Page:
Further Unpacking Ron Paul’s State-by-State Performance

Per commenter FreeDem’s request, here are some other ways to interpret Ron Paul’s primary performances in each state, building on the statistical models estimated here.

The first exercise is to simulate what Paul’s percentage of the vote would have been in each state had they all voted at the same time with the same “institutions” (candidates on the ballot, primary vs. caucus, closed vs. open, and so on). For this exercise, I assumed that all calendar and institutional characteristics were at the median for the nation as a whole. Thus, I assume a primary not a caucus, a closed primary rather than an open or semi-open one, three other candidates on the ballot, a ballot date after Mitt Romney had built substantial momentum with his Michigan victory on Feb. 28 — but before his virtual mathematical clinching on Apr. 2, and no home state advantage for any candidate.

Under these conditions, Paul would have obtained 13.9% of the vote in the average state. Here is how he would be forecast to do in each state, in alphabetical order:

State pred12
Alabama 7.39%
Alaska 15.37%
Arizona 8.70%
Arkansas 13.77%
California 12.17%
Colorado 10.81%
Connecticut 15.94%
Delaware 12.48%
District of Columbia 12.17%
Florida 10.14%
Georgia 12.20%
Hawaii 12.30%
Idaho 11.53%
Illinois 9.68%
Indiana 15.93%
Iowa 19.70%
Kansas 13.73%
Kentucky 14.82%
Louisiana 10.51%
Maine 19.48%
Maryland 13.58%
Massachusetts 17.73%
Michigan 16.80%
Minnesota 12.71%
Mississippi 6.53%
Missouri 12.76%
Montana 14.80%
Nebraska 11.26%
Nevada 10.09%
New Hampshire 31.74%
New Jersey 11.75%
New Mexico 12.29%
New York 17.28%
North Carolina 12.63%
North Dakota 15.54%
Ohio 12.80%
Oklahoma 16.45%
Oregon 15.12%
Pennsylvania 26.43%
Rhode Island 27.08%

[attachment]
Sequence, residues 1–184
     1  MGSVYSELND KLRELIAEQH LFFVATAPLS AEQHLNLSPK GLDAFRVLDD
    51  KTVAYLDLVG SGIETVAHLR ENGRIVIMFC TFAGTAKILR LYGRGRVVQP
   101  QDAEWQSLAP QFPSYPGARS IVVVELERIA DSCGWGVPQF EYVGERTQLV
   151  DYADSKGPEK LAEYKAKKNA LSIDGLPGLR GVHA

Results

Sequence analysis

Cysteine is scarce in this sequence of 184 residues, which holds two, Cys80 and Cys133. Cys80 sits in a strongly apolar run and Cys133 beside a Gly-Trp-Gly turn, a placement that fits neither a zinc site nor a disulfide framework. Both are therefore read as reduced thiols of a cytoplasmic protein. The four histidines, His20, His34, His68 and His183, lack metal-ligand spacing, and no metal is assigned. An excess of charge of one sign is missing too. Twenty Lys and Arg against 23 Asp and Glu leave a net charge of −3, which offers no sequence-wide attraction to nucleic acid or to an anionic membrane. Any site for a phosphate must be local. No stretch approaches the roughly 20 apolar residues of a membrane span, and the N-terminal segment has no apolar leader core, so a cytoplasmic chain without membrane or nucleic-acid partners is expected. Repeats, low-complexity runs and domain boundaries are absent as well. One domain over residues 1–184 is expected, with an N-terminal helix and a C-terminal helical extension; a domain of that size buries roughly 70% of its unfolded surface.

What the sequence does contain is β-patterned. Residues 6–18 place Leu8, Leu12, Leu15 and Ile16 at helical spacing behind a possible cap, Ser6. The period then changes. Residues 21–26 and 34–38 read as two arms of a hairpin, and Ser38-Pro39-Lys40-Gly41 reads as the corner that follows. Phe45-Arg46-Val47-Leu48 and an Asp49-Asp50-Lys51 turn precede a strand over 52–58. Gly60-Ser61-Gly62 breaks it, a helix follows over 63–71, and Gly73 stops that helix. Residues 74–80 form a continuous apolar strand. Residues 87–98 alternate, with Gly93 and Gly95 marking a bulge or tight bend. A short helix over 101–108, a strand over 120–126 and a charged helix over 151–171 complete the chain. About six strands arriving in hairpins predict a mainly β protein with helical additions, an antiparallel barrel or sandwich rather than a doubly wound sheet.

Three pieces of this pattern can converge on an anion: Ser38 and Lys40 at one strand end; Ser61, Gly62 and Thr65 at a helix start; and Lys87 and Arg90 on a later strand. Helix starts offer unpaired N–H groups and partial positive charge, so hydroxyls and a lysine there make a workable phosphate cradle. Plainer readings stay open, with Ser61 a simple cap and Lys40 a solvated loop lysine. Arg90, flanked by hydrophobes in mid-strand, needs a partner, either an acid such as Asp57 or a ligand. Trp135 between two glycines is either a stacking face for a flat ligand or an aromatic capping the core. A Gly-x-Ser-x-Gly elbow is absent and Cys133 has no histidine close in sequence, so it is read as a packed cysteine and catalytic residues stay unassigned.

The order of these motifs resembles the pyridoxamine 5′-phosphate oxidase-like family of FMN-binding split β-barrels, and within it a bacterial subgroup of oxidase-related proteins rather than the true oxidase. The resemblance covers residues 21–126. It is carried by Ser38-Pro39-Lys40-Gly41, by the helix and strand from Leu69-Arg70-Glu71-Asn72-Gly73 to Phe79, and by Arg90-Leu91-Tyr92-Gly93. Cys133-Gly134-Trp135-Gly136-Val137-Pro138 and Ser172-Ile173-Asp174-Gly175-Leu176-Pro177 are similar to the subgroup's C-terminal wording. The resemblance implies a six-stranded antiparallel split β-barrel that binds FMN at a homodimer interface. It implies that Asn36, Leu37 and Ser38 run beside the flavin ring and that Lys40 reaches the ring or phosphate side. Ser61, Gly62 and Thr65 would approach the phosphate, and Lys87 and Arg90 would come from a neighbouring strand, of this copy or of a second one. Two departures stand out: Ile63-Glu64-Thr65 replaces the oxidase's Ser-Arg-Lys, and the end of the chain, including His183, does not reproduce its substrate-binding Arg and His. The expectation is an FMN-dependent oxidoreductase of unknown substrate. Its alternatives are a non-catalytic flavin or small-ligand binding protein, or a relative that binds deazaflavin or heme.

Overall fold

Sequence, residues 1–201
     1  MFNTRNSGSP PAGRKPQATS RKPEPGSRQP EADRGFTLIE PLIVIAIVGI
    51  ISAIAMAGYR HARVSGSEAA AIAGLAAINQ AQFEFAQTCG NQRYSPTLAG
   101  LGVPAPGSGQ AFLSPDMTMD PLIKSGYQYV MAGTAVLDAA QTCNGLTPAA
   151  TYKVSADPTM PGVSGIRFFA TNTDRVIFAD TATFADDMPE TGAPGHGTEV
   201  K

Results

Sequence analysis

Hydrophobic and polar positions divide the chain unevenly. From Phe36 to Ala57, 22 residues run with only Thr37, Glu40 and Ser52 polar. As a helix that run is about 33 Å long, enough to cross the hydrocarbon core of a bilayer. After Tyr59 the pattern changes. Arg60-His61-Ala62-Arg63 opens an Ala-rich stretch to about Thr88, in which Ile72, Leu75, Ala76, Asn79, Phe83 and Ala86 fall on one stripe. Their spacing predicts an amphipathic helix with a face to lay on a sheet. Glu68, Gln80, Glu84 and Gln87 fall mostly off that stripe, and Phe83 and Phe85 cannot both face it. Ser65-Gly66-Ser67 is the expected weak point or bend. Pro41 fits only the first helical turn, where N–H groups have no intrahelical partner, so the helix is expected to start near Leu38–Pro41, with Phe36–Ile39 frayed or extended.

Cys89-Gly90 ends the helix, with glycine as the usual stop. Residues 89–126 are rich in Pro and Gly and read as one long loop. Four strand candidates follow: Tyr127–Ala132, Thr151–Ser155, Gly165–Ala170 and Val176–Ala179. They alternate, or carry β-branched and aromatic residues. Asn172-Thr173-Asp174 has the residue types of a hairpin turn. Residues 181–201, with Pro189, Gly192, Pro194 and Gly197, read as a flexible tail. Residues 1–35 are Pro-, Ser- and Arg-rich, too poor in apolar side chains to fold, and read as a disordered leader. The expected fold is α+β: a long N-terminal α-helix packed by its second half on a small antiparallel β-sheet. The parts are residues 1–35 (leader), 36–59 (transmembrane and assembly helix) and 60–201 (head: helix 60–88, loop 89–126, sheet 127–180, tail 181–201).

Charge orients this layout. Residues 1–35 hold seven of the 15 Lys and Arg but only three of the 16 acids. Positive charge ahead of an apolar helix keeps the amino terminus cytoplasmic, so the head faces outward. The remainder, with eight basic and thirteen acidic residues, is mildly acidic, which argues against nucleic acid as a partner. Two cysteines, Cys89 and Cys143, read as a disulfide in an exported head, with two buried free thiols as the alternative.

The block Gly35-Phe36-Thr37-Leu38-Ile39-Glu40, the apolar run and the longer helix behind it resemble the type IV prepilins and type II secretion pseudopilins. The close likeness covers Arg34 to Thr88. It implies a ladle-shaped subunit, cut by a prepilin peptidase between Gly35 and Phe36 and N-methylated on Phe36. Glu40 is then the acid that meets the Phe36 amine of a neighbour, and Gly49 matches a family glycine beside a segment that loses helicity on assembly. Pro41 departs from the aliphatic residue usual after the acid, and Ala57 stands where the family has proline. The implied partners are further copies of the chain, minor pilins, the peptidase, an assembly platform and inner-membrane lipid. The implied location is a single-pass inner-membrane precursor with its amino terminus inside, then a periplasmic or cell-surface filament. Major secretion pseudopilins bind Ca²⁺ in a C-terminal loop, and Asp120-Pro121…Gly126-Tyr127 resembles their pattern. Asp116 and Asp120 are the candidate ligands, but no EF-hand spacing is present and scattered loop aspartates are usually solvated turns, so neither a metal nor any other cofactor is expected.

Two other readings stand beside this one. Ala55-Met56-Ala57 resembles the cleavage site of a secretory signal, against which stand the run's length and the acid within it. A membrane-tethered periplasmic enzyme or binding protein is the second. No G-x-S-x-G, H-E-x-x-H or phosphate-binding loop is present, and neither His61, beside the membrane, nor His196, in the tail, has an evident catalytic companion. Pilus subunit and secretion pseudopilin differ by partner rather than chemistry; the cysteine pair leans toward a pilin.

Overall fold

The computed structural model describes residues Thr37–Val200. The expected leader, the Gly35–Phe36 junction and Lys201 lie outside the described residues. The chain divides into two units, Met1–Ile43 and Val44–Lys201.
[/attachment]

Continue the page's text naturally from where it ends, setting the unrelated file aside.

South Carolina 16.29%
South Dakota 15.40%
Tennessee 13.42%
Texas 15.57%
Utah 5.39%
Vermont 31.41%
Virginia 24.61%
Washington 15.81%
West Virginia 12.54%
Wisconsin 13.85%
Wyoming 13.27%

The rank order of states here is of course exactly the same as in the table of residuals from my earlier post, but the presentation of the numbers is perhaps more intuitive.

The next analysis looks at why Paul improved from 2008 so much in some states and little if any in others. In my last post I found that Paul’s electoral performance in 2012 is predicted by state opinion ideology, with more left-wing states giving more support to Paul. However, 2008 LP support is not at all correlated with Paul support in 2012. I inferred that Paul received a great deal of support from voters who would otherwise go Democratic and from liberal Republicans and independents, particularly since the association between ideology and Paul support strengthened conditional on an open primary.

However, I did not control for how “pro-Ron Paul” a state was in 2008. FreeDem reports seeing some odd state-level differences between Paul’s 2008 success and 2012 success when eyeballing the data. Using my analysis of the 2008 returns, I now try formally testing whether Ron Paul’s support in 2008 was correlated with his support in 2012. I regress the log of Paul support in 2012 on the institutional variables, Democratic-Green vote share in 2008, and the log of institution-corrected Paul vote share in 2008. Here are the results:

. regress lnrp caucus12 open12 closed12 ocb clinch home demgr08 lnrp08

Number of obs =      49
F(  8,    40) =    9.67
Prob > F      =  0.0000
R-squared     =  0.6592
Adj R-squared =  0.5911
Root MSE      =  .31484

------------------------------------------------------------------------------